The EU drug regulator is recommending that people who have had a rare blood vessel syndrome are not immunised with AstraZeneca’s Covid-19 vaccine.
In a statement on Friday, the European Medicines Agency said it reviewed cases of six people who had capillary leak syndrome after they had received the AstraZeneca vaccine.
The vaccine has previously been linked to rare blood clots, but health officials say its benefits still outweigh the small risks.
EMA experts also concluded that the capillary leak condition should be added to the product information as a new side-effect of the vaccine.
The agency said it is continuing its review of heart inflammation in a small number of people who developed conditions after being immunised with vaccines made by Pfizer-BioNTech and Moderna.
The EMA said it is studying cases of myocarditis, inflammation of the heart, and pericarditis, inflammation of the membrane surrounding the heart. Symptoms include shortness of breath and chest pain, although the problems are usually temporary.
“Further analysis is needed to determine whether there is a causal link with the vaccines,” the EU agency said.
The EMA said it expects to finalise its review of such cases next month.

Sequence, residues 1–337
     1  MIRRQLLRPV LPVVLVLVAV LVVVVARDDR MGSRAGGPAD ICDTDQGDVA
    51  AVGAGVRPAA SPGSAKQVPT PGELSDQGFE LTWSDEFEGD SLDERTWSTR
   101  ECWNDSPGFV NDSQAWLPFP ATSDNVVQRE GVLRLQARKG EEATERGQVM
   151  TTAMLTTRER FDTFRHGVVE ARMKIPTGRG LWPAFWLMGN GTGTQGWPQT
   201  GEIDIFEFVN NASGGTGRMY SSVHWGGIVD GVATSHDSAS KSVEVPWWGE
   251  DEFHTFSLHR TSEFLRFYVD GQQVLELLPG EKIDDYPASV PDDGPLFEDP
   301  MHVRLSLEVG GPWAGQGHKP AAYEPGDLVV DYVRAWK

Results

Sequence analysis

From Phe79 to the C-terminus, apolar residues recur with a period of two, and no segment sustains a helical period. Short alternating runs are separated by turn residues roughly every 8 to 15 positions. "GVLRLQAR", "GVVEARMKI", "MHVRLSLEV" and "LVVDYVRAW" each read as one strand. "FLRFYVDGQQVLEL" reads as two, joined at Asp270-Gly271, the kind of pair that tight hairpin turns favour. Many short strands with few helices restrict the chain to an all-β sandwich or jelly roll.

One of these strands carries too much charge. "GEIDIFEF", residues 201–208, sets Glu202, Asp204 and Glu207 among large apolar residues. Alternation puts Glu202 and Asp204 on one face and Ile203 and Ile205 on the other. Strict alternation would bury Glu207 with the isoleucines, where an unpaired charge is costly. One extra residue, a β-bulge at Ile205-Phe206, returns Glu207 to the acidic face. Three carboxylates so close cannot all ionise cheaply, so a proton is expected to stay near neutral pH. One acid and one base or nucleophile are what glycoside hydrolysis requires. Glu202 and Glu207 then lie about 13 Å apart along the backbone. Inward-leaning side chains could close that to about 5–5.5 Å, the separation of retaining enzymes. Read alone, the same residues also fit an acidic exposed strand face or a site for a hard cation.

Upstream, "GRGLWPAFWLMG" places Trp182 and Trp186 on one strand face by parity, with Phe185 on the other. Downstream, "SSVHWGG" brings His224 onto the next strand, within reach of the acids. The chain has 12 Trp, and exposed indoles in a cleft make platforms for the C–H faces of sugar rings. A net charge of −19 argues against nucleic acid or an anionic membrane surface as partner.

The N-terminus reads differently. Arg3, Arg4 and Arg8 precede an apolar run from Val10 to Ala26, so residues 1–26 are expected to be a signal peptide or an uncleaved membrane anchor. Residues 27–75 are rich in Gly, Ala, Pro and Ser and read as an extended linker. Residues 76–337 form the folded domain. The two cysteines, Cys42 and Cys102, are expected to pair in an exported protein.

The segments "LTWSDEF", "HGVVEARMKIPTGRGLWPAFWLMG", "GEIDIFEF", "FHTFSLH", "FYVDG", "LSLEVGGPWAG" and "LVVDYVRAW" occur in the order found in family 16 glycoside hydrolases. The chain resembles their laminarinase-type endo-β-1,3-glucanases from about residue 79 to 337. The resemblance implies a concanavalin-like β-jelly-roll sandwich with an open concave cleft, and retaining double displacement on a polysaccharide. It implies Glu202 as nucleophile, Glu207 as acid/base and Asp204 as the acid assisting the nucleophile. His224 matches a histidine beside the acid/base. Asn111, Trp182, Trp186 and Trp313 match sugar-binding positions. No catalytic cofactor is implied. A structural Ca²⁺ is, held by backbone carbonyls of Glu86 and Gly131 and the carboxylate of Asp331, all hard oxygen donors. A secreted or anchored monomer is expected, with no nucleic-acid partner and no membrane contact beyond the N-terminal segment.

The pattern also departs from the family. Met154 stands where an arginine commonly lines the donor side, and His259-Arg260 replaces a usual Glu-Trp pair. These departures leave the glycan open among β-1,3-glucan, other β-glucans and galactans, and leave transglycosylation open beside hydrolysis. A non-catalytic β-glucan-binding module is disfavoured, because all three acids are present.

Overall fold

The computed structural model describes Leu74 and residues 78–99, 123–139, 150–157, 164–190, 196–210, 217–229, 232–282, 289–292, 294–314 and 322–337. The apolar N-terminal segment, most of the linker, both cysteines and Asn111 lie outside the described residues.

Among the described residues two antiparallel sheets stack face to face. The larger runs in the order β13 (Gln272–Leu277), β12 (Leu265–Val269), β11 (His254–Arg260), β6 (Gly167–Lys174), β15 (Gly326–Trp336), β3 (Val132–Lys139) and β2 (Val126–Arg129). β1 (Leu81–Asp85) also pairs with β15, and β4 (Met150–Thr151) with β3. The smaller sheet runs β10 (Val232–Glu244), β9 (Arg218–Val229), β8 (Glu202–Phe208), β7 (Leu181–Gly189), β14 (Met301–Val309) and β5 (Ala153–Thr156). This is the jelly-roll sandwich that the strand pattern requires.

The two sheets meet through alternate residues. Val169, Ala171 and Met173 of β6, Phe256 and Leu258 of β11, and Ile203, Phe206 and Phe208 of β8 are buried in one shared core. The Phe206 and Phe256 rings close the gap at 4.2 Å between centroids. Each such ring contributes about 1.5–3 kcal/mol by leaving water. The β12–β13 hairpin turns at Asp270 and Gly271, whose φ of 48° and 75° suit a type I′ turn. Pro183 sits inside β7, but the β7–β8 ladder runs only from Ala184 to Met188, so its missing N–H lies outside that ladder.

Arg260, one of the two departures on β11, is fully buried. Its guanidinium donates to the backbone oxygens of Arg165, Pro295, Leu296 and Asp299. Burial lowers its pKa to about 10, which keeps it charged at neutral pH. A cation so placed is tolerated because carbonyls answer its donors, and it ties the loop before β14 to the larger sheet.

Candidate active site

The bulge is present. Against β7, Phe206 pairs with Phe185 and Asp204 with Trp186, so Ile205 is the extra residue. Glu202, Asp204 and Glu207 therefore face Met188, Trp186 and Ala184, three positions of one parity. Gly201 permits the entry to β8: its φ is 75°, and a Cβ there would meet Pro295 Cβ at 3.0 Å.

Meanwhile, the EMA approved a new manufacturing site for the Moderna vaccine in a move that could substantially boost production for the European Union.
The regulator said it had approved a site in Monts, France, operated by Recipharm. In addition to the new approval, the EMA authorised several other sites to conduct batch control and testing.
This month, two locations in the US were approved for production of vaccines destined for the 27-nation EU bloc. Any medicines or vaccines authorised for the EU market must first have their production facilities approved by the EMA.
The agency said the newly approved sites are expected to result in an additional one to two million vials of Moderna’s vaccine every month.
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